“An anonymous Mother’s Day gift. Think about that for a moment.”
The first card arrived in early June. The envelope was pink, with flowers drawn on in childish crayon. It stood out from the business-size white bills. It had no stamp or postal markings, though the address was written in neat print, surprisingly adult, in pen.
Though it was addressed to her, Beth opened the envelope hesitantly, careful not to rip the flap. Surely it was meant for an elementary child’s parent, and Beth was all alone. Probably just an incorrect address; she’d find out who it was from and deliver it. She still knew all the neighborhood children, so it would be easy to return it to the proper house.
The card showed a bouquet of flowers in yellow, pink, and lavender, dusted softly with glitter. The inside was a soft pink, with the words “Happy Mother’s Day!” in a cheery script.
There was no signature, but there was a child’s drawing of a sun in bright yellow crayon in the upper-left corner.
Beth sighed. How she wished for a card like that; but of course, it couldn’t be hers.
Fighting off the quiver in her lip, Beth laid the card on her kitchen countertop, telling herself to ask the neighborhood kids if it belonged to one of them. Besides, it would be good to see them again. They hardly came by for lemonade anymore.
On July 7 Beth returned from her aunt’s beach house to find a page from a spelling tablet tucked between the storm door and the doorframe. Beth put down her suitcase for a moment to retrieve the paper, expecting it to be another charity plea from the local church.
It was a drawing of fireworks, over a stick figure family enjoying a picnic on a red-and-white checkered blanket. It was drawn in marker, and Beth could see where the green ink of the fluffy trees had smudged from the artist’s left-handed coloring.
Written in careful rows on the lined bottom-half of the page was “Hapy FoRth!”
Beth stared at the drawing for a long moment. The stick figure family was three smiling figures: a boy, a man in a red shirt, and a woman with brown hair in a ponytail. It reminded her of that lovely summer years ago, back before Jerry had left. Before…
She shook her head. None of the neighborhood children had claimed the wayward Mother’s Day card, but maybe sweet little Lisa from down the street had given out Fourth of July pictures to her next-door neighbor. Beth resolved to go over and thank the little girl as soon as she unpacked her bags.
A loose pile of wild flowers—red, and pale yellow–and a bluebell from someone’s yard rested on Beth’s car windshield in August, wilted in the heat. Beth smiled at the little love-gift, and set the dying flowers in the grass next to the driveway so that the owner could reclaim them later.
She was surprised to still see them there when she got home from work, but then, children do forget things.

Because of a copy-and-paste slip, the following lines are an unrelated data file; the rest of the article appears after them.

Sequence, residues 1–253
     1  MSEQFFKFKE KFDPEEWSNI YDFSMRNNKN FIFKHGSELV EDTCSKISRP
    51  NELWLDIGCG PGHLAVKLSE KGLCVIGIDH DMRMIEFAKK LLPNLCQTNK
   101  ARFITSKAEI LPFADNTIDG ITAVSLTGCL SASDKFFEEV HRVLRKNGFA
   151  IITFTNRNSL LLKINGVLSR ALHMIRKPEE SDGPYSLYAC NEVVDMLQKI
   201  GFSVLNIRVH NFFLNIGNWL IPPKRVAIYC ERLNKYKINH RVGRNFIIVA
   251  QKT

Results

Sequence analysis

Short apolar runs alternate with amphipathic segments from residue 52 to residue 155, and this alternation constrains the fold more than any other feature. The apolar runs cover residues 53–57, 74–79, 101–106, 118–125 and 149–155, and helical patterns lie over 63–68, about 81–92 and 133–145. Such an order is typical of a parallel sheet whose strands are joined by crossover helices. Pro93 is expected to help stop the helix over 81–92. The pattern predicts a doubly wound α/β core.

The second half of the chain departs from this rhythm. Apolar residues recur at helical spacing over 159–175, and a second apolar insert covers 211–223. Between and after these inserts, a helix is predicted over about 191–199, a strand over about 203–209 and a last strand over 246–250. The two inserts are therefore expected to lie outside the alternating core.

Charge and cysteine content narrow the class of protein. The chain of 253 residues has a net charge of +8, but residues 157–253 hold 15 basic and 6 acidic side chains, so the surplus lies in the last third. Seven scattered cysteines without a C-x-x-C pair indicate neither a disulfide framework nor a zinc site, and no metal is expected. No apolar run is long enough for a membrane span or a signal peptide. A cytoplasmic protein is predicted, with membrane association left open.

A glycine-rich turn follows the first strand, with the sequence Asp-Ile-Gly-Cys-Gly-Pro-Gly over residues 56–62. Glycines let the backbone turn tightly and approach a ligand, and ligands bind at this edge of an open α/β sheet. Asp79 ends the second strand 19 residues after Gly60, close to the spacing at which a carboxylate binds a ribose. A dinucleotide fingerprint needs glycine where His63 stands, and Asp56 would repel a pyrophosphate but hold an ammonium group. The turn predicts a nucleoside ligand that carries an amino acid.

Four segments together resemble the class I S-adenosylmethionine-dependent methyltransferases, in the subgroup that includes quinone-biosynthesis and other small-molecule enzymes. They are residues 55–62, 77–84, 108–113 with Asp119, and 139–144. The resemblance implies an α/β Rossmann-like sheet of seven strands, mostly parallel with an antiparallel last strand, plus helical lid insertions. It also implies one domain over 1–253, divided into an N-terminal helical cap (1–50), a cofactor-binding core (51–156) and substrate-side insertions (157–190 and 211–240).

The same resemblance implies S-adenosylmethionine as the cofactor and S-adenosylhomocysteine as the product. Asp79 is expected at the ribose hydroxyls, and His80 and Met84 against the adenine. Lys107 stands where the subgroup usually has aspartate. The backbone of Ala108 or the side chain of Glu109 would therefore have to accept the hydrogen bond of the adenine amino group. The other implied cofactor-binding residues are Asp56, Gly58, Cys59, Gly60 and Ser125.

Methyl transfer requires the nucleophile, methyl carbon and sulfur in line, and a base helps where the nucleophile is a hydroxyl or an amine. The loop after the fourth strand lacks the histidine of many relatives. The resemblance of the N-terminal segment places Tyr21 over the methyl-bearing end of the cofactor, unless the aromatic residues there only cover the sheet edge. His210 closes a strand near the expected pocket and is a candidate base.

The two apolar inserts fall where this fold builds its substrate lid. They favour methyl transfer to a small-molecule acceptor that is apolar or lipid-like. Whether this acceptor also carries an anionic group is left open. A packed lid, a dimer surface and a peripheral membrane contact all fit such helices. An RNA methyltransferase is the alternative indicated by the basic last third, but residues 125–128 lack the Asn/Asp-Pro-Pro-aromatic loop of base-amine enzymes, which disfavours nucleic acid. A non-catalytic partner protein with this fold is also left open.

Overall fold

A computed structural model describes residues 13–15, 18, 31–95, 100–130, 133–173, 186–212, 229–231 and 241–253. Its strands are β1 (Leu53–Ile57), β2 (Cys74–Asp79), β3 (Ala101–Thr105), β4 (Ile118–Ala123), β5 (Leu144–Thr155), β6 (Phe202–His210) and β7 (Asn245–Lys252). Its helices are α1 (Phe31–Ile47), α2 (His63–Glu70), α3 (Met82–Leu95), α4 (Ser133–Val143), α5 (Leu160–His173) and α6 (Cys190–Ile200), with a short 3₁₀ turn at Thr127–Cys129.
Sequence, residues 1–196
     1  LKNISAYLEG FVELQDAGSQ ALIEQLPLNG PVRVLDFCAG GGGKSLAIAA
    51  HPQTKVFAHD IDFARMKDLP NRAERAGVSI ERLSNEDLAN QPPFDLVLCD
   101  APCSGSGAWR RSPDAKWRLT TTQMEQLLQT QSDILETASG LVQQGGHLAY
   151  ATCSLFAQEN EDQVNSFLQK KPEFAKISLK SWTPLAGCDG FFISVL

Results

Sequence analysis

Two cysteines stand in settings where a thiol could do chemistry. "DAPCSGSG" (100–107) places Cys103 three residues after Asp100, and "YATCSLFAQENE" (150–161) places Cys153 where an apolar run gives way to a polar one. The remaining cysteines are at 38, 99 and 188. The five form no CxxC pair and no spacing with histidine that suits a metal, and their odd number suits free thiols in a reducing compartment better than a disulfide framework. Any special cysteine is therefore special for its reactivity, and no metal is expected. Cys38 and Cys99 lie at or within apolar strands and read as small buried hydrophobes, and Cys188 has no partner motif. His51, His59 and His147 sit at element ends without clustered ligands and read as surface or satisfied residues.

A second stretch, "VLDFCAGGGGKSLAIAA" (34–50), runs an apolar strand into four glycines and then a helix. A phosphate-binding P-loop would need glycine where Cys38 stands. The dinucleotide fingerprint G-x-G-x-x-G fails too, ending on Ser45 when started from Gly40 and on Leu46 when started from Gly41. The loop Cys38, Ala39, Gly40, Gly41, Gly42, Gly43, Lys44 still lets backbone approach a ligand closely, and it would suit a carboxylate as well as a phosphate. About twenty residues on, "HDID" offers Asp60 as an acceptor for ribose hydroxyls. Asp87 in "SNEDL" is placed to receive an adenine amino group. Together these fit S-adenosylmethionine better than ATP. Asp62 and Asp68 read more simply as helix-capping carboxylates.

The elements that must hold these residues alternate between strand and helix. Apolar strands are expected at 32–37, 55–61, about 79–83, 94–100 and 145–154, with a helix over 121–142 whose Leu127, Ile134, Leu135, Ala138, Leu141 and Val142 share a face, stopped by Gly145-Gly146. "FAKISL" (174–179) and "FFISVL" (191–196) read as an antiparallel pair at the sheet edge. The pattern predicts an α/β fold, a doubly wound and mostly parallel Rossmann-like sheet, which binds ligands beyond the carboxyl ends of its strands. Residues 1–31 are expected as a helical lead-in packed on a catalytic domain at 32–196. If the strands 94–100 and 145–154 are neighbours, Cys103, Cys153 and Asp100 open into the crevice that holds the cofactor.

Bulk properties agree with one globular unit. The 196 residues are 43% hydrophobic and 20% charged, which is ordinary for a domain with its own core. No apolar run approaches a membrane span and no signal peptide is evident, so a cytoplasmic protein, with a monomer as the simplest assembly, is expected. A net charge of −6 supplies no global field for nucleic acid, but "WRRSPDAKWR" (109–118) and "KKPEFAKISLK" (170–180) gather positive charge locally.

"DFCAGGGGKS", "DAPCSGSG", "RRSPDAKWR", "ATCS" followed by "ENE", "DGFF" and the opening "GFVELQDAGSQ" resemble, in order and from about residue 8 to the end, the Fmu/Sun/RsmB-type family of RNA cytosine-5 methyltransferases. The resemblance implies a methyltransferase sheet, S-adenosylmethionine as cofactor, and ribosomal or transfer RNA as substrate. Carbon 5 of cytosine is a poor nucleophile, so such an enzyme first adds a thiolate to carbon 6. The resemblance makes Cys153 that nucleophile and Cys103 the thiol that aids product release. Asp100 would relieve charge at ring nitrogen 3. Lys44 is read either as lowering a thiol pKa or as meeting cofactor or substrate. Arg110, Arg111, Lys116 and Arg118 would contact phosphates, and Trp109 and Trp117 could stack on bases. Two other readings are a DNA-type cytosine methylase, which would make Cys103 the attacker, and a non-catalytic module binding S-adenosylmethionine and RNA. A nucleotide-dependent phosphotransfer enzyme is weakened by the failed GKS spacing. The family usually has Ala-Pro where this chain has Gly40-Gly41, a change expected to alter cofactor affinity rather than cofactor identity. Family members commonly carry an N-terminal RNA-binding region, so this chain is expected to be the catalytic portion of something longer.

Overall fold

It was just barely October when Beth found the chocolate bar. It had been set on her front porch sometime during the day, while she was at the office, and was mushy from the heat. There was a scratch-and-sniff sticker of a slice of pizza on it.
When she flipped the candy over, Beth found the other sticker: a jolly Santa laughing and clutching his belly. Written next to the “TO:” was “Mommy” in a child’s scrawl.
Beth threw the chocolate in the trash and called her ex-husband. “This has got to stop!” she screamed. “Why are you torturing me?! Do you think this is some kind of joke?”
He denied everything. Beth clicked the phone off, threw it against the couch, and sobbed.
Beth was putting on lipstick, on the way out to a low-key birthday celebration with a few friends, when the doorbell rang. She pursed her lips to set the stain and hurried to the door.
She had expected it to be Dorothy, there to pick her up, but standing behind the glass of the storm door was a woman in a fitted business suit whom Beth did not know.
“Can I help you?” Beth asked.
The woman’s eyes went wide and she broke into a delirious smile. “Mommy!” she said in a childish voice. The woman extended her arms as if to hug Beth.
Beth backed away. “I’m sorry, I think you are confused.” She moved to close the door.
“Mommy, aren’t you happy to see me? Haven’t you missed me?” The woman sounded young, and confused.
Beth stared at her with alarm. The woman said, “Mommy, it’s me, Jamie.” The woman tugged at her blouse absently. “Oh, I forgot; this is Susan. She’s helping me talk to you today. Mommy, I have missed you so much. Didn’t you get my letters? And the candy? Isn’t chocolate the bestest?”
Beth backed away, shaking her head. “No no no, go away. Jamie’s dead. My son is dead, he died 3 years ago and you are a very cruel person. Why would you do this? I lost my son. You’re a horrible person, and I’m calling the police.” Beth was closing the door, but the woman with Jamie’s voice stepped forward and pressed her palm to the glass door.
“Mommy, I’m sorry I’ve upset you. I didn’t mean to make you sad. It’s just that I missed you so much,” Jamie said.
Beth’s eyes filled with tears. “Jamie? Baby, is that you?”
“It’s me mommy,” Jamie said. “If you don’t want me to come back anymore, I won’t. I don’t want to make you sad. But I missed you and wanted to tell you I love you. I am with you every day, mommy.”
“Jamie,” Beth said. She ran out and hugged the woman tightly, and Beth could almost imagine she was holding her son. “Jamie I love you, too. I didn’t know. I didn’t know you could come back. I’m so sorry, baby. I’m so sorry.”
“It’s okay, mommy,” Jaime said. The woman pulled back slightly. “Mommy, it’s time for me to go, okay? Susan has to go home now. But I’ll keep sending you letters sometimes, if you say I can.”
“Yes, baby,” Beth said, clutching the smaller woman’s shoulder. “I’ll always love you, Jamie.”
“I love you, too, mommy,” Jamie said. The woman stepped back, brushed down her blouse, now wet with tears, and breathed out slowly. Her breath left a fine white mist that hung in the air.